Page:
A less pleasant aspect of the observations with the JKT was that this telescope was used as a testbed for the "real" telescopes, the 4.2 metre William Herschel Telescope (WHT) and the 2.5 metre Isaac Newton Telescope (INT). My CCD was dismounted and then mounted back onto the telescope on almost a daily basis. The dome was full of technicians during the day and each evening I had to make rounds and spot problems left by them in the "unimportant" telescope (disconnected cables, lights left on in some unexpected places, etc.). The aura of the class society seemed to me quite distinct at the La Palma Observatory which is dominated by the Royal Greenwich Observatory operations (Janusz jokingly says that without a British nobility title you are not welcome at the WHT) and that the JKT was definitely at the bottom of this class structure. There is also a 2.5 metre Nordic Optical telescope (NOT, also know as "NOT a telescope"), some Swedish solar operations, a Kiel gamma-ray system (Cerenkov detectors over some kilometers of the mountain slope), but these "continentals" keep a rather low profile so one tends to see and hear mostly the Brits.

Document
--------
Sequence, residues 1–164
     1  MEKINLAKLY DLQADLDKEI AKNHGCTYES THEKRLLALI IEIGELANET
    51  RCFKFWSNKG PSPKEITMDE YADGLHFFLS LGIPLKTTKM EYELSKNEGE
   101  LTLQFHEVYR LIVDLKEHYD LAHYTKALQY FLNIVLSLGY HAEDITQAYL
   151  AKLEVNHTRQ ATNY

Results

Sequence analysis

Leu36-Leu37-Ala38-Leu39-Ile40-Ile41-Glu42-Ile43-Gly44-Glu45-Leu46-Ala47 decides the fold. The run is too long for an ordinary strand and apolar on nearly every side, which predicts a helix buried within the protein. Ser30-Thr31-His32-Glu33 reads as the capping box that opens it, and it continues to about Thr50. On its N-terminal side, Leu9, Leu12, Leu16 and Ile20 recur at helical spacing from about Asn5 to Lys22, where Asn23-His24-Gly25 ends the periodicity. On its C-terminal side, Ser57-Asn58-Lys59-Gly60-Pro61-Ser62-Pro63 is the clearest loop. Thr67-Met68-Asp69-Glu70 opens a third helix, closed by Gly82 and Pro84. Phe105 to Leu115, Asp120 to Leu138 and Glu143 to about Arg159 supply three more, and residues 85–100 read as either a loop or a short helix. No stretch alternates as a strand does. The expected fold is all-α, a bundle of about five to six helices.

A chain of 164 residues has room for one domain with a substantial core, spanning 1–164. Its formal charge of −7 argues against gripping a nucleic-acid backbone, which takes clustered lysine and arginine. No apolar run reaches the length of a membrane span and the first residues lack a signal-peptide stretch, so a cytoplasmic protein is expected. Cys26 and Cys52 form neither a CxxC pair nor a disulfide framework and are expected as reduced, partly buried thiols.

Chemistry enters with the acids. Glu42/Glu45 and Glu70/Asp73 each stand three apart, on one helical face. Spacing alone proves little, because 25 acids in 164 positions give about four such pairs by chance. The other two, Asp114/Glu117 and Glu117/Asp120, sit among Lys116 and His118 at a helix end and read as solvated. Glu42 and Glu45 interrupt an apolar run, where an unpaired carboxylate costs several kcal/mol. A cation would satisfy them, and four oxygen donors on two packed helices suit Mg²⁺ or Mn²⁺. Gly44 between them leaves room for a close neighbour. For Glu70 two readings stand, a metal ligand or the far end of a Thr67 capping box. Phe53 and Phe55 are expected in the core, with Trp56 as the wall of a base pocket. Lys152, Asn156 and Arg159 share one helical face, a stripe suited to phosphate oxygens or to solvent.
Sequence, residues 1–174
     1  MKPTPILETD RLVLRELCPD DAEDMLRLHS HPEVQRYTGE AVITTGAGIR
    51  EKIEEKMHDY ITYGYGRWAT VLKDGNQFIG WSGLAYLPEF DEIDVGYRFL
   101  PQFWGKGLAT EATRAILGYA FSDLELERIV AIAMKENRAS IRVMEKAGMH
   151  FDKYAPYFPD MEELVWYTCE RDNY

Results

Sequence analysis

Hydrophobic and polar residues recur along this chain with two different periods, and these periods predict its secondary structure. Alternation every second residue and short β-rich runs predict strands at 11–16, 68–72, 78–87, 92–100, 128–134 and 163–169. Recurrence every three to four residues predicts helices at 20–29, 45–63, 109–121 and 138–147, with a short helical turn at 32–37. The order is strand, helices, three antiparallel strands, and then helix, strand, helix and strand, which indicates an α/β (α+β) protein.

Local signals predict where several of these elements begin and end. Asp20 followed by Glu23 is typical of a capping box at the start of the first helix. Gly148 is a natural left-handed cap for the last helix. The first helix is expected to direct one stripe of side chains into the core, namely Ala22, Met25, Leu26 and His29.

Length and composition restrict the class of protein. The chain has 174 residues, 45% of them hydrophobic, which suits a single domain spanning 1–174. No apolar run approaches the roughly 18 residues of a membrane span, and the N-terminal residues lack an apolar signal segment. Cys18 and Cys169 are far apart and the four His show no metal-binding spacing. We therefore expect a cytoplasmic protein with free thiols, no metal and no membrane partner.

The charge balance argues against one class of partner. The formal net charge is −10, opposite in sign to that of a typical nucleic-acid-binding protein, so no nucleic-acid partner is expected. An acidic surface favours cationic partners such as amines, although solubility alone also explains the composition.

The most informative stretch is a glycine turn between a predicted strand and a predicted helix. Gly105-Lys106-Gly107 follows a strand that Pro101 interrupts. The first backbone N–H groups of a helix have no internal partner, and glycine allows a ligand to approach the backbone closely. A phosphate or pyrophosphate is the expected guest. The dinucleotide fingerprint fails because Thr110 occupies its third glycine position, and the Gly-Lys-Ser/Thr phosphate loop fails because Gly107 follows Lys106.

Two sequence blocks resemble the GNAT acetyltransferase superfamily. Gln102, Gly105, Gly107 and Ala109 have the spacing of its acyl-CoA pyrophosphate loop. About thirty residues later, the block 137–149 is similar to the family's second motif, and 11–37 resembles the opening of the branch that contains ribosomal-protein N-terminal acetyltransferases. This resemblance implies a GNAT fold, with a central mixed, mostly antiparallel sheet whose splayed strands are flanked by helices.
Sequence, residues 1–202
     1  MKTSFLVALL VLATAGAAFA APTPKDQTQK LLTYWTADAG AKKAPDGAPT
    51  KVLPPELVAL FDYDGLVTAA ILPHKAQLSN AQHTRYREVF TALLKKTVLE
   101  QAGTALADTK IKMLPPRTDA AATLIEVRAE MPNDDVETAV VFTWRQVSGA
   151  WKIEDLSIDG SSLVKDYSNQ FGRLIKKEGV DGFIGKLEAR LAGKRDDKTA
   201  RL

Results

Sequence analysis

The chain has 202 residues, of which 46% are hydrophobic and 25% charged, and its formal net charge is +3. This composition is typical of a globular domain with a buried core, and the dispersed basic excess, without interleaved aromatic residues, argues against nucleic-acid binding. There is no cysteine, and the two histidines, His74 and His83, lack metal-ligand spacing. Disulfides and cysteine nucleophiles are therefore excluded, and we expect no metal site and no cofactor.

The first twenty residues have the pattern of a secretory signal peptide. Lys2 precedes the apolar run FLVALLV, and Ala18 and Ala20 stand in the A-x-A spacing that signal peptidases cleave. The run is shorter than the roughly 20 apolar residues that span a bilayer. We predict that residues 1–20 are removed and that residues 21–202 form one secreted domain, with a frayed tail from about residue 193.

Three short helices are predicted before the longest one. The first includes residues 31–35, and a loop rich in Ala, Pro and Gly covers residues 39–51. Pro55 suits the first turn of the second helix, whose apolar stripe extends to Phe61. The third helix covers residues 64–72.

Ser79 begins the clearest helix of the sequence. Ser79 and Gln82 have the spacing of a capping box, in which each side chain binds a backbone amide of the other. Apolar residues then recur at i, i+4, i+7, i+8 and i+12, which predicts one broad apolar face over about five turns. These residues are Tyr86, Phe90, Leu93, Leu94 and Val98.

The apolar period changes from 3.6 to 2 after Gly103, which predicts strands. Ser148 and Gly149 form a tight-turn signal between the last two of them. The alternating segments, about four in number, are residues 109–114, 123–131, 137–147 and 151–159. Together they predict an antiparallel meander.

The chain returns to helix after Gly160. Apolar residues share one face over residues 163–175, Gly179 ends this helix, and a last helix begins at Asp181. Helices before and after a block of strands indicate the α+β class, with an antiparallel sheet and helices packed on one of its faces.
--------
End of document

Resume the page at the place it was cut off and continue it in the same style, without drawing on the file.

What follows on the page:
The JKT is located right at the Roque de Los Muchachos, some 50 metres from an incredible exposure into a 1800 metre deep hole in the 2400 metre high mountain, a deep and ragged interior of the caldera. La Palma, the size of Metro Toronto (some 20 by 40 km), has the largest ratio of height to size of all earthly places. To some extent it is similar to Mauna Kea with clouds forming very low, where the trade winds blow, with severe icing during winters, but this time of year seemed to be nice and peaceful, with temperatures in the region of 10C-15C, moderate winds and excellent seeing. The property not shared by Hawaii is the dust. It is blown from Africa when the easterly winds acquire a more southernly tendency. I had this experience during the second half of my run. Extinction went up by some 0.5 mag and the dust was everywhere, high up, low down, inside the caldera and in the beam of my flashlight. But then the seeing was excellent so that with the very small PSF we could actually gain in the quality of our photometry.
Thanks to the efficient streamlining of processing by the OGLE group
at Warsaw, a few SPARC-10's and -20's that they have, and much work by
Janusz Kaluzny, the data - some 750 images - have already been
reduced. I am currently (1995)
trying to write a paper about the results. The images are